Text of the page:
"Ambulance chaser" — what an awful term. The image of the
personal injury lawyers of Florida (or wherever you're from, really)
actually following an ambulance to see if they can get a new client under
their belt on the way into the hospital is a revolting one. Fortunately,
it's also not true, and people are starting to understand that.
The ambulance chaser is a product of the media, not of reality. Or, more
accurately, those people who do become personal injury attorneys because
they think that's where the money is are going to be crappy lawyers
and they won't be in business for long. In that way, being an attorney
is just like any other industry you might go into: if you don't enjoy
what you're doing and you're just doing it for the paycheck, you're
never going to amount to anything.
By and large, any lawyer that has been successfully practicing personal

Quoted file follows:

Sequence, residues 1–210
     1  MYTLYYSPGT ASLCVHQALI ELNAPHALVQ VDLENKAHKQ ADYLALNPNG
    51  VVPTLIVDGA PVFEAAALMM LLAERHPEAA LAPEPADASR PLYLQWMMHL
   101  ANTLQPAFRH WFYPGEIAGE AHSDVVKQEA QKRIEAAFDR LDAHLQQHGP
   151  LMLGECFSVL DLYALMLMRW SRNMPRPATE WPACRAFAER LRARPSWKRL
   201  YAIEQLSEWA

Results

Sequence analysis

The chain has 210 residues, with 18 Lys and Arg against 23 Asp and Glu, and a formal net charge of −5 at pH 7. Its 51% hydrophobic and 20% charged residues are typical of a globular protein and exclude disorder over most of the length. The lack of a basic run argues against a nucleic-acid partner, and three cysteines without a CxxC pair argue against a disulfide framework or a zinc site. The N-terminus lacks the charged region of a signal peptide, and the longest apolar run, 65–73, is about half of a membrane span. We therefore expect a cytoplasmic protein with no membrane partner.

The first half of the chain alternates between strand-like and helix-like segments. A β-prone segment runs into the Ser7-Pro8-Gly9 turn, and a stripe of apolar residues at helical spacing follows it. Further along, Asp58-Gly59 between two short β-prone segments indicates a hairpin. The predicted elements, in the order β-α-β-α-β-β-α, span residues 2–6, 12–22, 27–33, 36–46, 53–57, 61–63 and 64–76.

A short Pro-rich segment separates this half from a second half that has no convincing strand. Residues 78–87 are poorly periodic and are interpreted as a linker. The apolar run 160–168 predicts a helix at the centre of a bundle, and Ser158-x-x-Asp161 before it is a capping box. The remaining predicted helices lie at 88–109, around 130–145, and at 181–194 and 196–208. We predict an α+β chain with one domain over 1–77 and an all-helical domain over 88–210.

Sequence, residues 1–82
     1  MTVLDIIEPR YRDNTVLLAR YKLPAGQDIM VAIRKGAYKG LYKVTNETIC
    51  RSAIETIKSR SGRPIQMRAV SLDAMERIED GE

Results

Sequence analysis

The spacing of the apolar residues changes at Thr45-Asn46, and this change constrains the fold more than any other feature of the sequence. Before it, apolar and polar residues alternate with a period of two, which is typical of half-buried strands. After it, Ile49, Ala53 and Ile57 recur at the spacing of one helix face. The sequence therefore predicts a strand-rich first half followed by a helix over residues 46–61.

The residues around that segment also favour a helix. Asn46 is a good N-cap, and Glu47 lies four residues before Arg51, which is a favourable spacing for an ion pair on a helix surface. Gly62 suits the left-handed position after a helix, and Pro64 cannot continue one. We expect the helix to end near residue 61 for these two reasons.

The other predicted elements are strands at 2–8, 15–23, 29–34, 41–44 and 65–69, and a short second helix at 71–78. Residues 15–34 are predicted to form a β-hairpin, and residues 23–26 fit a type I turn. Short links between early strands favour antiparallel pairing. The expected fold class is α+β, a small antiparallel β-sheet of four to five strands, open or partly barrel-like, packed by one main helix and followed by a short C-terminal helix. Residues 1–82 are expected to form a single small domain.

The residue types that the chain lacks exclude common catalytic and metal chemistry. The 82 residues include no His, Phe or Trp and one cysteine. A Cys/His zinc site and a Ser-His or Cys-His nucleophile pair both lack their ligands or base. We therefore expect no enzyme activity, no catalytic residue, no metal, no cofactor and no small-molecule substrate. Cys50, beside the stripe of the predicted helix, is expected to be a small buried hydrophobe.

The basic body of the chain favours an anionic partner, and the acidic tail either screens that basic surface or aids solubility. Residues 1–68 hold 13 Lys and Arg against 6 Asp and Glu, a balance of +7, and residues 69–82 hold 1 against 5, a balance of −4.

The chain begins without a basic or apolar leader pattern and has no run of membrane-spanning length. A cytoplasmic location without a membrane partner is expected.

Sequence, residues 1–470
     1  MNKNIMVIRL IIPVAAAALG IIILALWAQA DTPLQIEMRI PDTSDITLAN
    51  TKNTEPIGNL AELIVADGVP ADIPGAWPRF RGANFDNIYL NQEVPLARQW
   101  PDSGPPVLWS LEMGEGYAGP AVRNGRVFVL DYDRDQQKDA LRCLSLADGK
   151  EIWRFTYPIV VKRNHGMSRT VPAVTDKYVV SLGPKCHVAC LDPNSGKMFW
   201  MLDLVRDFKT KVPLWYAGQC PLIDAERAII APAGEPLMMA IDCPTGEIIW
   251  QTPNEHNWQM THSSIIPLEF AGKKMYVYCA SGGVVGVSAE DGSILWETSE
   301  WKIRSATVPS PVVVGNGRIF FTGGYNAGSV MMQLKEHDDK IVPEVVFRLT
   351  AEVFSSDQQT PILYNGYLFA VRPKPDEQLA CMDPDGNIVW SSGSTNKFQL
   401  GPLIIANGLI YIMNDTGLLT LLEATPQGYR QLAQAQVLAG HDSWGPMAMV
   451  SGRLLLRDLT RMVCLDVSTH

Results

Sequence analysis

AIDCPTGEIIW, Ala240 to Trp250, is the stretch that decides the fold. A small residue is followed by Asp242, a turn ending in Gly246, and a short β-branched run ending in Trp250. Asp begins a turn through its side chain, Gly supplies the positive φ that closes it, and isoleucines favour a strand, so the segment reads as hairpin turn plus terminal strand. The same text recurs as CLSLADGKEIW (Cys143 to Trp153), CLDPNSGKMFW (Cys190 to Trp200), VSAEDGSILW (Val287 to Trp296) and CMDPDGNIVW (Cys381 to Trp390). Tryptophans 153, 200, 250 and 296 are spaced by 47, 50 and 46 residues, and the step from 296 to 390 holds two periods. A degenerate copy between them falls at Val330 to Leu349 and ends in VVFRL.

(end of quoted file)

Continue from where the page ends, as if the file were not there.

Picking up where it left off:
injury law for more than five years or so
has to be a hard-working, ethical person who truly enjoys seeing his clients winning
their just compensation for the negligence that he has suffered. The kind
of money-grubbing, no-holds-barred miscreants depicted in the press will
have moved on (quite possibly to Wall Street) when they found out that
every case they lost cost them almost as much money as the cases they
won made them.
There may have, in fact, been a time a few decades ago, when accident attorneys
trolled the ER for trauma victims, handing out business cards. But that
wasn't a viable business model. The personal injury attorneys at Florida's
plane crash sites, descending into the wreckage before the smoke had cleared,
have moved on to greener pastures.
That's because the real prize for trial lawyers who speak out for the
victims of personal injuries isn't the money — don't get
me wrong, it's good to earn a living, but seriously — it's
about the pleasure of seeing justice done and the little guy get what
he deserves. Today's personal injury attorneys are advocates for the
injured, wrongfully killed, or emotionally traumatized — definitely
not the type to perk up at the sound of a siren.